Calder, 465 U.S., at 789-90. The Calder court further noted that the petitioners' "status as employees does not somehow insulate them from jurisdiction. Each defendant's contacts with the forum State must be assessed individually." Id. at 790 (citing Rush v. Savchuk, 444 U.S., at 332). The Third Circuit Court of Appeals has consistently applied the Supreme Court's Calder holding and has succinctly stated that the Calder "effects test" requires a plaintiff to show that:

(1) The defendant committed an intentional tort;

(2) The plaintiff felt the brunt of the harm in the forum such that the forum can be said to be the focal point of the harm suffered by the plaintiff as a result of that tort;

(3) The defendant expressly aimed his tortious conduct at the forum such that the forum can be said to be the focal point of the tortious activity.

Remick v. Manfredy, 238 F.3d 248, 258 (3d Cir. 2001) (quoting Imo Industries, Inc. v. Kiekert AG, 155 F.3d 254, 265-66 (3d Cir. 1998)). Thus, the question currently before the Court is whether Noble's Counterclaims asserted against Miller and Silver--specifically Counts IV, V, and VI--satisfy each of the three Calder effects test prongs.

1. Intentional Tort

Noble's Counterclaims against Miller and Silver include claims of unfair competition (Count IV), violations of the Lanham Act (Count V), and product disparagement (Count VI). (Doc. 102 ¶¶ 100-112.) Since each of Noble's Counterclaims pertaining to Miller and Silver allege intentional torts, the Court finds that they satisfy the first prong of the Calder effects test. See Metallic Ceramic Coatings, Inc. v. Precision Prods., No. 00-CV-4941, 2001 U.S. Dist. LEXIS 1224, at *15 (E.D. Pa., Feb. 13, 2001) (identifying unfair competition and trademark infringement as intentional torts); Nationwide Contr. Audit Serv. v. Nat'l Compliance Mgmt. Servs., Inc., No. 08-08, 2008 U.S. Dist. LEXIS 45370, at *61 (W.D. Pa., June 10, 2008) (agreeing with plaintiff that alleged Lanham Act violations are intentional torts and satisfy the first Calder prong); Schering Corp. v. First DataBank, Inc., No. C 07-01142 WHA, 2007 U.S. Dist. LEXIS 29433, at *18 (N.D. Cal., Apr. 10, 2007) (stating that product disparagement is an intentional tort).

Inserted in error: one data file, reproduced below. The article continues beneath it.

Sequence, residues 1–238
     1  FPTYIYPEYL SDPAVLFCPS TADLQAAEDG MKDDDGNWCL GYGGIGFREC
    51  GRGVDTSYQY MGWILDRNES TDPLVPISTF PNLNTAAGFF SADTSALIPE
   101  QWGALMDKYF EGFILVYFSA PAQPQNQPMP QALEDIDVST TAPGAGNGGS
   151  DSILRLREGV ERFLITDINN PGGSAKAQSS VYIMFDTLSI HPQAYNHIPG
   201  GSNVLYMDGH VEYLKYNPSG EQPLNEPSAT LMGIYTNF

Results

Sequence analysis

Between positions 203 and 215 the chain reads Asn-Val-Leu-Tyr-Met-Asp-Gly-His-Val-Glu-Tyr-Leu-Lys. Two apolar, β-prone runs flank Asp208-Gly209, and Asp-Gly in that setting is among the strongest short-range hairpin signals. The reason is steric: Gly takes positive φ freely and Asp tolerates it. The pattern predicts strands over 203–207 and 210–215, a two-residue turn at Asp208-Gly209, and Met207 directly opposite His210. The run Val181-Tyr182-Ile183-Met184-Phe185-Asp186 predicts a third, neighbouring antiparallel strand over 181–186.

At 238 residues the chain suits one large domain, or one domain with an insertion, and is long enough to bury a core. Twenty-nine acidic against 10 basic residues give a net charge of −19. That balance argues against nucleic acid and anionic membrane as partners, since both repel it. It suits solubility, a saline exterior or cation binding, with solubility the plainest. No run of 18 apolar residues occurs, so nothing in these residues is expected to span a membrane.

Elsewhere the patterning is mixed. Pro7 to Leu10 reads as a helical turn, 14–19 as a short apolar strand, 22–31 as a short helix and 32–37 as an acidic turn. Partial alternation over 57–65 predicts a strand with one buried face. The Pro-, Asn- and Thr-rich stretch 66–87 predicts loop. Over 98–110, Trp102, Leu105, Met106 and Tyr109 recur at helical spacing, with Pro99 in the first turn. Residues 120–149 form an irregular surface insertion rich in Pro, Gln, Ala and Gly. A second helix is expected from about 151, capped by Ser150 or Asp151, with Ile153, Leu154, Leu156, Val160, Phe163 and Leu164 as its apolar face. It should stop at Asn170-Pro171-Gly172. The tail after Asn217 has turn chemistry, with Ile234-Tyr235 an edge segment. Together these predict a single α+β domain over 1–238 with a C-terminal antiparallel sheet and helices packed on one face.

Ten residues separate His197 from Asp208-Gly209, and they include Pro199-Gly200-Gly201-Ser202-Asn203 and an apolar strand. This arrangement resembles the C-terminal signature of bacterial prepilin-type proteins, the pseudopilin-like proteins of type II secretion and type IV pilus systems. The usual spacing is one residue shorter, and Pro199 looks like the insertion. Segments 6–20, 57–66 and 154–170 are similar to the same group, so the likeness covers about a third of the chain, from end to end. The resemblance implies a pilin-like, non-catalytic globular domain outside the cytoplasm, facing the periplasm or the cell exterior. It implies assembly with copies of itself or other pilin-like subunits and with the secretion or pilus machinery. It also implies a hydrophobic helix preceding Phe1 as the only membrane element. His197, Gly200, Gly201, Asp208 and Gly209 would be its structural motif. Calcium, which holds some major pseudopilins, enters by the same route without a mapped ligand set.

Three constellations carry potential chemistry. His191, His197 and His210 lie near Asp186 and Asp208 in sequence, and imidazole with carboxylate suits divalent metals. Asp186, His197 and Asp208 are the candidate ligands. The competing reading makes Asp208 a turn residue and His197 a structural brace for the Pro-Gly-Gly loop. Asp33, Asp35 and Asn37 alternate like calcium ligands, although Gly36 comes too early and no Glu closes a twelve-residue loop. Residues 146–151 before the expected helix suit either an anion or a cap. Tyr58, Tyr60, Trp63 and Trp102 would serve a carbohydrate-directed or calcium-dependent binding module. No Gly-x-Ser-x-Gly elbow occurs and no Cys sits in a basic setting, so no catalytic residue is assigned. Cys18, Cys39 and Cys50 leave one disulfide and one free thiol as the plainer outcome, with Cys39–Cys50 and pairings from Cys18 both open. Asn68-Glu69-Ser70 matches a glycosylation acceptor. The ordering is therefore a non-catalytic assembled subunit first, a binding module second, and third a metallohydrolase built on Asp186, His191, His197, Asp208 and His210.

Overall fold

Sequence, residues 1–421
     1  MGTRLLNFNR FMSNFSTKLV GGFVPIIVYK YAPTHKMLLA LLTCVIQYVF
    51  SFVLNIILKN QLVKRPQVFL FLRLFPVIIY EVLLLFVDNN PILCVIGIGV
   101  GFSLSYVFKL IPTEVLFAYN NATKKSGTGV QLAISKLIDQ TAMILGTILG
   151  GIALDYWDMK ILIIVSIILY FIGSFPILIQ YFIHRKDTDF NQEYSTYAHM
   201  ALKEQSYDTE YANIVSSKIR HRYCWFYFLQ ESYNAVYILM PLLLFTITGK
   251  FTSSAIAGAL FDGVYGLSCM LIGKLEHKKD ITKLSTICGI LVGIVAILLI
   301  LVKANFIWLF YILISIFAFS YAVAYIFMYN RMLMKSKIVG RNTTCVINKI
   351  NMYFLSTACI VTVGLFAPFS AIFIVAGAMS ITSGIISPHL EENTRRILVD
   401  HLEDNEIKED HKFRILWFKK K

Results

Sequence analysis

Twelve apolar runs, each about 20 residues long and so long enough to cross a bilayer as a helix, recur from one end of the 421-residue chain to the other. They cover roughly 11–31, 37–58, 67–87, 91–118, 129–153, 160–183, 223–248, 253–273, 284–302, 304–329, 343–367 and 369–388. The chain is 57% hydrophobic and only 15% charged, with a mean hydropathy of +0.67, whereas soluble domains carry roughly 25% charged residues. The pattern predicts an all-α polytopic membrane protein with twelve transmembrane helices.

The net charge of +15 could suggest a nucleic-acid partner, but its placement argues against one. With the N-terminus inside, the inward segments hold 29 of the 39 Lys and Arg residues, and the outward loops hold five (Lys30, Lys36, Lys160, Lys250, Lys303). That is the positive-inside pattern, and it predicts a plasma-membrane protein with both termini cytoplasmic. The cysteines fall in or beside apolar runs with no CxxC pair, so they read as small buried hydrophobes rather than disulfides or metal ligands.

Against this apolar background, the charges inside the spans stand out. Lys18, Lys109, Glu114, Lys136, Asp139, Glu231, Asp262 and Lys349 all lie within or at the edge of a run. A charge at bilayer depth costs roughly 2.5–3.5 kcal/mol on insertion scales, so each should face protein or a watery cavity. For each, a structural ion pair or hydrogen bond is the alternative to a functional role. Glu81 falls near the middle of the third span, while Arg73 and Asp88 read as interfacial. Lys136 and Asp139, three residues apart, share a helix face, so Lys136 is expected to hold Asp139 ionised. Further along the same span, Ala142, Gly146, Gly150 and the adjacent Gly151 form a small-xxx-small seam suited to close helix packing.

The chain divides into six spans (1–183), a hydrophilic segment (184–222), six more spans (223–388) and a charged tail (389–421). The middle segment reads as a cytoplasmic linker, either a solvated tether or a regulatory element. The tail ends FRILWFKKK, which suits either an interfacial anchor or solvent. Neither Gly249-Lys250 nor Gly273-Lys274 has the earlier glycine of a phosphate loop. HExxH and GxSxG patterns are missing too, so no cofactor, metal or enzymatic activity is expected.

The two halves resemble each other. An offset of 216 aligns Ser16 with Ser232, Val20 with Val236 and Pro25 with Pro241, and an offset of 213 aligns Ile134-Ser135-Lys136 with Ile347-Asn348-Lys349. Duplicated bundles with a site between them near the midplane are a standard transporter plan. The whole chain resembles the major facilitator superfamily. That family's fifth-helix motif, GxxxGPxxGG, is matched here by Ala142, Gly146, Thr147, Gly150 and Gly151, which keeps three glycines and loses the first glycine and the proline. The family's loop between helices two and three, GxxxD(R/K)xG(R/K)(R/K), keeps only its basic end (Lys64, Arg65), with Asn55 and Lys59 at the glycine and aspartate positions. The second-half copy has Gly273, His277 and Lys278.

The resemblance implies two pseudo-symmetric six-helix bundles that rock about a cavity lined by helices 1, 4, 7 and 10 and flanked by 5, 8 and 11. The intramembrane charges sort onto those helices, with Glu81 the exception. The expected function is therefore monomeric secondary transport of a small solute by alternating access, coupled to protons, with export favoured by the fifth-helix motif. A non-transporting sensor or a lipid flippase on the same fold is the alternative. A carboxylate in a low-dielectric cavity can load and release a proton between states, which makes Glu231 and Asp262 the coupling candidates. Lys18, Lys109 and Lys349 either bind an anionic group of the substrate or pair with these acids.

2. Focal Point of Harm

The Court also finds that Noble's counterclaims against Miller and Silver satisfy the second prong of the Calder test. Noble states that its principal place of business is in Scranton, Pennsylvania and the alleged tortious conduct impacts and harms its business. (Doc. 102 ¶¶ 38, 102-104, 108, 111-112.) Thus, the Court believes that Nobel may reasonably contend that it suffered the brunt of harm in Pennsylvania. See Remick, 238 F.3d, at 258-59 (citing Keeton v. Hustler Magazine, Inc., 465 U.S. 770, 780 (1984)) (finding that individuals endure the bulk of harm from torts like defamation in their home state).

3. Focal Point of Tortious Activity

"To establish that the defendant 'expressly aimed' his conduct, the plaintiff has to demonstrate 'the defendant knew that the plaintiff would suffer the brunt of the harm caused by the tortious conduct in the forum, and point to specific activity indicating that the defendant expressly aimed its tortious conduct at the forum.'" Martin v. Godwin, 499 F.3d 290, 297-98 (3d Cir. 2007) (quoting IMO Indus. v. Kiekert AG, 155 F.3d 254, 266 (3d Cir. 1998)). "If a plaintiff fails to show that the defendant 'manifested behavior intentionally targeted at and focused on the forum,' the plaintiff fails to establish jurisdiction under the effects test." Id. at 298 (quoting IMO Indus., 155 F.3d at 265).